* US dollar saw biggest slide in years on Wednesday
* OPEC-member Venezuela lobbies for producer meeting to cut output
* But record US oil inventories likely to cap gains in prices
* Record storage pulls US crude into steeper Brent discount
* Morgan Stanley cuts 2016 Brent forecast to $30/b, 2017 to $40/b
Crude oil futures extended gains from the previous session on Thursday as a weaker dollar and unconfirmed talk of producers potentially meeting to discuss output cuts lifted the market despite record US stocks due to overproduction.
Despite the rise, analysts said prices would remain low in 2016 and 2017 as global demand slows and inventories swell.
US crude futures were trading at $32.46 per barrel at 0456 GMT on Thursday, up 18 cents from the previous session's close when they rallied 8 percent from below $30 per barrel.
Brent crude was up 12 cents at $35.16 per barrel.
Analysts said prices had recovered on a sliding dollar and from ongoing, yet unconfirmed, talk of a potential meeting of oil producers to cut output in support of prices, which have fallen around 70 percent since mid-2014.
But the main feature of recent oil trading has been volatility, with price swings of more than 10 percent within two trading sessions frequently occurring since mid-January.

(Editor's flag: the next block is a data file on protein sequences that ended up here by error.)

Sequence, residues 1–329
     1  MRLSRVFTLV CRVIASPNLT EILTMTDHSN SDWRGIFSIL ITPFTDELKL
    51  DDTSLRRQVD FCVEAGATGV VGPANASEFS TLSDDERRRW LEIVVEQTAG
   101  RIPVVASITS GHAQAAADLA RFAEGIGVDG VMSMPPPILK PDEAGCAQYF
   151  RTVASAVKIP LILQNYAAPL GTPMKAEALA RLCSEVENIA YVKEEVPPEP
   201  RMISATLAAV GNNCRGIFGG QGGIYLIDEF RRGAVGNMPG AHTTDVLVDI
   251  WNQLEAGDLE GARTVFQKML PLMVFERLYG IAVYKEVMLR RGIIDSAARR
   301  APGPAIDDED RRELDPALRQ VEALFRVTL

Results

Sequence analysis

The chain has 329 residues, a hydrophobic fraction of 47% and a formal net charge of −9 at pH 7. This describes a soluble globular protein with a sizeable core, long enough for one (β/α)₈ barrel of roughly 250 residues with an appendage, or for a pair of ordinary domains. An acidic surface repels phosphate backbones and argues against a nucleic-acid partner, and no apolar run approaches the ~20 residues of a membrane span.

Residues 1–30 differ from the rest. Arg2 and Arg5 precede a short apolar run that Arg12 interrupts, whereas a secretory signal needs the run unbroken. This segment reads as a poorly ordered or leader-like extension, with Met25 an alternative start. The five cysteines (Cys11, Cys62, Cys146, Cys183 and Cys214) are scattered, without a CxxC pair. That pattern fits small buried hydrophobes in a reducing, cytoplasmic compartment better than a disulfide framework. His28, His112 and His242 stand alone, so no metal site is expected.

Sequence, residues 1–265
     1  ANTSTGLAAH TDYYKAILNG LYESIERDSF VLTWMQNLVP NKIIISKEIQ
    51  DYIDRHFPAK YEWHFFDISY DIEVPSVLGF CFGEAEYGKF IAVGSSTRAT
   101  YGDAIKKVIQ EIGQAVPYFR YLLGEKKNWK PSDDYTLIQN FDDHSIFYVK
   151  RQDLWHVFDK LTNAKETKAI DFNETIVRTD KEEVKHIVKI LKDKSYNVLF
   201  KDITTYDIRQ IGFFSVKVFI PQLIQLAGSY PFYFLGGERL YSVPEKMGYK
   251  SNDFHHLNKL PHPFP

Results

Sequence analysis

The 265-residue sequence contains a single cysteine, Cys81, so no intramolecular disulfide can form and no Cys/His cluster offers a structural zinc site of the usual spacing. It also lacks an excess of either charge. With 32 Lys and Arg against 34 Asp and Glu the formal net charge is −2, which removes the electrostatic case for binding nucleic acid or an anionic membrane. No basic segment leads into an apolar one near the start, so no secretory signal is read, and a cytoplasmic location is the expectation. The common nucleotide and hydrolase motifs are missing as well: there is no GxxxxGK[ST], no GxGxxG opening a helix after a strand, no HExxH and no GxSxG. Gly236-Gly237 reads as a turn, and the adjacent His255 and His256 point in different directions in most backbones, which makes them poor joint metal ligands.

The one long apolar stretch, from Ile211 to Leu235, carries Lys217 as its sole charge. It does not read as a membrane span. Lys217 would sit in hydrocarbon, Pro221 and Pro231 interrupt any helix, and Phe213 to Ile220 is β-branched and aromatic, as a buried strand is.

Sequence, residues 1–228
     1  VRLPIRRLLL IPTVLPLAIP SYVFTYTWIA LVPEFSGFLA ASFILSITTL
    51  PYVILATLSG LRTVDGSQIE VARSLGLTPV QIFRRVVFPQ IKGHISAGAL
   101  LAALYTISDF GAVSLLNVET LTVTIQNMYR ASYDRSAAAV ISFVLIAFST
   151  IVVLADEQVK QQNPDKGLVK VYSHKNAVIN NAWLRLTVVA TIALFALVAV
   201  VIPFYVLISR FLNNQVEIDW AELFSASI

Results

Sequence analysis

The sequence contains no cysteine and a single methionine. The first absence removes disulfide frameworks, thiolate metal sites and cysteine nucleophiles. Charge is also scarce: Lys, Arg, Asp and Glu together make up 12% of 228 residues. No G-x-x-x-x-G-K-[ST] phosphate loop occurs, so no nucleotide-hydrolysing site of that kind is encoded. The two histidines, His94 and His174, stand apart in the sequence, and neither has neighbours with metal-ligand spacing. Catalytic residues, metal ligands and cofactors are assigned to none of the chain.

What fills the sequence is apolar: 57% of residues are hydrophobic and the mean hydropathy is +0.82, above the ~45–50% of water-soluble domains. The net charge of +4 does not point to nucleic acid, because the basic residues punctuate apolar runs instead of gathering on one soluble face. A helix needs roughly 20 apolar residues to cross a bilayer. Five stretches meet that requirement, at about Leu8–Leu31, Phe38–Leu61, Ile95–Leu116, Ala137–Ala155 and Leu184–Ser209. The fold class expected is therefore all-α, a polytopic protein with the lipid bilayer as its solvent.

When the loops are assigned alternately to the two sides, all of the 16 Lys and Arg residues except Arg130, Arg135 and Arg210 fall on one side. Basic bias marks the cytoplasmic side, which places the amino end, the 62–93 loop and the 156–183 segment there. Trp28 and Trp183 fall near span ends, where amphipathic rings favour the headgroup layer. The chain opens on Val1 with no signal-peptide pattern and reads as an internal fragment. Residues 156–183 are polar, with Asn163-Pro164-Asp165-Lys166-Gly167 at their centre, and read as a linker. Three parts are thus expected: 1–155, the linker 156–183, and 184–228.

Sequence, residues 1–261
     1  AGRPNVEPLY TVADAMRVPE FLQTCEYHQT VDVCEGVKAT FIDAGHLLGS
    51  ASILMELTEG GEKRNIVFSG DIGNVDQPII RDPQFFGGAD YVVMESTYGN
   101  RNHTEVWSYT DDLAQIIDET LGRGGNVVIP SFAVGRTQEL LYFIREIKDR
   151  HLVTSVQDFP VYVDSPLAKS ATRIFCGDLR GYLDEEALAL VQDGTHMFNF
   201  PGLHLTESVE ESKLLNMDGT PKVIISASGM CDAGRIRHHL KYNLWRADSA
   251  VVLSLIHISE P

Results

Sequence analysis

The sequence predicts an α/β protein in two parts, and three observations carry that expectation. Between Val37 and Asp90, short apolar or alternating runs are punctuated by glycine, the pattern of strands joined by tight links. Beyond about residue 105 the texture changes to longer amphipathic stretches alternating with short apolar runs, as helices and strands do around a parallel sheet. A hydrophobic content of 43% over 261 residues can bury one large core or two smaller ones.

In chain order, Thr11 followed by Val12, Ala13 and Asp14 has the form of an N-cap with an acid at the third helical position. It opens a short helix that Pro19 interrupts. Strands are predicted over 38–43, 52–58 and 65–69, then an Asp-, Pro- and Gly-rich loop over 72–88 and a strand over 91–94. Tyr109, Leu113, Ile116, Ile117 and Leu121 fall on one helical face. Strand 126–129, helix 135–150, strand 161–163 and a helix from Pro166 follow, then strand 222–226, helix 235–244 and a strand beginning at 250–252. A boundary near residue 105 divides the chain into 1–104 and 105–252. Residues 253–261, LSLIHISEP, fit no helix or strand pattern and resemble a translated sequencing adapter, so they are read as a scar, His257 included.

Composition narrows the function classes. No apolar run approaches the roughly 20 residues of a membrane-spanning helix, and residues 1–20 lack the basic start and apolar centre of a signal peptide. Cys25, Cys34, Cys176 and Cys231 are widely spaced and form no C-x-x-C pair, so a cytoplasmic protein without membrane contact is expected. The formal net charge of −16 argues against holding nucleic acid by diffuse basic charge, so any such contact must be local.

‘The weaker US dollar provided some interim support to the commodity complex, but volatility in crude oil remains extreme. Climbing US crude stocks remain an ongoing threat to further price weakness,’ ANZ bank said.
US crude inventories climbed 7.8 million barrels in the week to Jan. 29 to 502.7 million barrels, compared with analyst expectations for an increase of 4.8 million barrels. US gasoline inventories rose to a record high of 254.4 million barrels.
Analysts remain largely bearish in their outlook, pointing towards persistent oversupply and slowing demand.
Morgan Stanley on Thursday lowered its average 2016 Brent price forecast to $30 per barrel, down from $49 previously. The bank only expects an average price of $40 per barrel in 2017 as oversupply persists.
‘With demand slowing, rebalancing may not occur until mid-2017 or later,’ it said, adding that ‘global supply should grow in 2016 despite low prices.’
Morgan Stanley also said that an emerging willingness of producers to forward hedge at prices not much above $40 per barrel was also capping prices.
National Australia Bank (NAB) said on Thursday that it expected ‘oil prices to recover mildly to $40 per barrel by end-2016 and $50 per barrel by end-17.’
ANZ bank said it saw ‘oil and iron ore markets as the commodities most susceptible to further weakness.’
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